Policy on Photocopying Copyrighted Materials
(Policy Statement on Photocopying Copyrighted Materials for Classroom and Research Use approved by the Board of Trustees, May 9, 1983.)
In December 1982, nine publishers commenced a lawsuit against the University and nine members of the faculty (as well as an off-campus copy shop) alleging that the photocopying and distribution of certain course materials, without permission of the copyright owners of the materials, violated the Copyright Act (17 U.S.C. Section 101 et seq., 90 Stat. 2541, Pub. L. 94-553). It has become increasingly clear that the subject of photocopying for classroom and research purposes is of significant concern to the faculty, who have inquired about issues such as when photocopying may be done without the consent of the copyright owner; when and how permission to photocopy should be obtained; how exposure to liability may be reduced; and under what circumstances the University will defend them against claims of copyright infringement arising out of photocopying for classroom and research use. To assist the faculty in resolving these issues, to facilitate compliance with the copyright laws, and as part of the settlement of the publishers’ lawsuit, the University is issuing this Policy Statement.
I. The principles of the copyright law are designed to promote the creation, publication, and use of works of the intellect. These principles include both the exclusive rights of copyright owners to determine certain uses of their works (in not-for-profit as well as commercial contexts) and certain exceptions, including the doctrine of “fair use.” These precepts are in the mutual interest of the university, author, and publisher communities and of the public.
II. Under the copyright laws, certain photocopying of copyrighted works for educational purposes may take place without the permission of the copyrighted owner under the doctrine of “fair use” (presently set forth in Section 107 of the Copyright Act). This principle is subject to limitations, but neither the statute nor judicial decisions give specific practical guidance on what photocopying falls within fair use. To achieve for faculty greater certainty of procedure, to reduce risks of infringement or allegations thereof, and to maintain a desirable flexibility to accommodate specific needs, the following policies have been adopted by the University for use through December 31, 1985 (and thereafter, unless modified). If members of the faculty experience any problems or have suggestions, they are asked to communicate them to the Office of Legal Counsel.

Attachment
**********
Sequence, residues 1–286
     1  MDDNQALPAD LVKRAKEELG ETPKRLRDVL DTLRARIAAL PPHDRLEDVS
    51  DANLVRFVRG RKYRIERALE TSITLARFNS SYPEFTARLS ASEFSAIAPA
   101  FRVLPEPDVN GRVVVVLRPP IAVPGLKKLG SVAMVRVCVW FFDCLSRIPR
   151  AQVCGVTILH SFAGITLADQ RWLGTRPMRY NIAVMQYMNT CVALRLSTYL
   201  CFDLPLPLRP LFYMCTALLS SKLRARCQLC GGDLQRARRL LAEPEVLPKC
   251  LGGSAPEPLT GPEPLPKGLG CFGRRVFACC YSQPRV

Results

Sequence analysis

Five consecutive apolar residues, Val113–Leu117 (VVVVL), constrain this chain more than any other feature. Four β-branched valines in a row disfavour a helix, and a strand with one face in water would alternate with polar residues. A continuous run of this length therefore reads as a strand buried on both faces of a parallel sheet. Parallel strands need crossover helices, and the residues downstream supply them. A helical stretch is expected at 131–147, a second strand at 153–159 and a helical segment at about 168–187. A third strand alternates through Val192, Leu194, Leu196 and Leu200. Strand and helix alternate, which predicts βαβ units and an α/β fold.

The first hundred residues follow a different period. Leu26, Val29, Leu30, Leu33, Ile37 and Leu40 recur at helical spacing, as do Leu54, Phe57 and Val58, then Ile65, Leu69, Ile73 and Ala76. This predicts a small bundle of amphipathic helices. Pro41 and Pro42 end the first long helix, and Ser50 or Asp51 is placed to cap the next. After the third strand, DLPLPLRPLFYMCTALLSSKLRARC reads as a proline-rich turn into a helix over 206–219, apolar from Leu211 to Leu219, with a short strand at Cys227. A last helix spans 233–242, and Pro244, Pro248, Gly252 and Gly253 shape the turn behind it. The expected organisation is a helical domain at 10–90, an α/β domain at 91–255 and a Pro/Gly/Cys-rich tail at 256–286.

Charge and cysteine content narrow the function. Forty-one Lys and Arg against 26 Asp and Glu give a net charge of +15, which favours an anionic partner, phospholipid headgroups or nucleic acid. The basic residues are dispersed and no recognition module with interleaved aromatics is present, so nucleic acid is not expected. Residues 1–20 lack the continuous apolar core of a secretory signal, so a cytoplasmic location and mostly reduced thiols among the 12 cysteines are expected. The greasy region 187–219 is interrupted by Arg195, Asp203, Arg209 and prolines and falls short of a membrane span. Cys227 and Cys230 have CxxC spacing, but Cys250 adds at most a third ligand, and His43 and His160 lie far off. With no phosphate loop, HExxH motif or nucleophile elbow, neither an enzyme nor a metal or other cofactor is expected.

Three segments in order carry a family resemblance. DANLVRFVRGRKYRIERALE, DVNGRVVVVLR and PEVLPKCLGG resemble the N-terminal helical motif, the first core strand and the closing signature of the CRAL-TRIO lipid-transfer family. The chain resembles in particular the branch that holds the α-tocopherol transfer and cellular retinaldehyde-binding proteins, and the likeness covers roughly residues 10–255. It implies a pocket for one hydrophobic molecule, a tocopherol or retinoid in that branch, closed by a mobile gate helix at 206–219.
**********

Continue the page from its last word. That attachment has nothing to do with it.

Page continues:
A. The Guidelines set forth in Appendix I are to be used to determine whether or not the prior permission of the copyright owner is to be sought for photocopying for research and classroom use.3 If the proposed photocopying is not permitted under the Guidelines in Appendix I, permission to copy is to be sought. An explanation of how permissions may be sought and a procedure for furnishing to the administration information concerning the responses by copyright owners to requests for permission are set forth in Appendix II. After permission has been sought, copying should be undertaken only if permission has been granted and in accordance with the terms of the permission, except as provided in the next paragraph.
B. The doctrine of fair use may now or hereafter permit specific photocopying in certain situations, within limitations, beyond those specified in the Guidelines4 or those that might be agreed to by the copyright owner. In order to preserve the ability of individual faculty members to utilize the doctrine of fair use in appropriate circumstances without incurring the risk of having personally to defend an action by a copyright owner who may disagree as to the limits of fair use, a faculty member who has sought permission to photocopy and has not received such permission (or has received permission contingent upon conditions that the faculty member considers inappropriate) may request a review of the matter by General Counsel of the University. If upon review the General Counsel determines that some or all of the proposed photocopying is permitted by the copyright law, the General Counsel will so advise the faculty member. In that event, should any such photocopying by the faculty member thereafter give rise to a claim of copyright infringement, the University will defend and indemnify the faculty member against any such claim in accordance with the provisions of the Board of Trustees policy on Legal Protection of Faculty (Faculty Handbook [1999 ed.], pp. 84-86).
C. In the absence of the determination and advice by the General Counsel referred to in paragraph B, or in the event that permission has not been first requested by the faculty member as provided in paragraph A, no defense or indemnification by the University shall be provided to a faculty member whose photocopying gives rise to a claim of copyright infringement.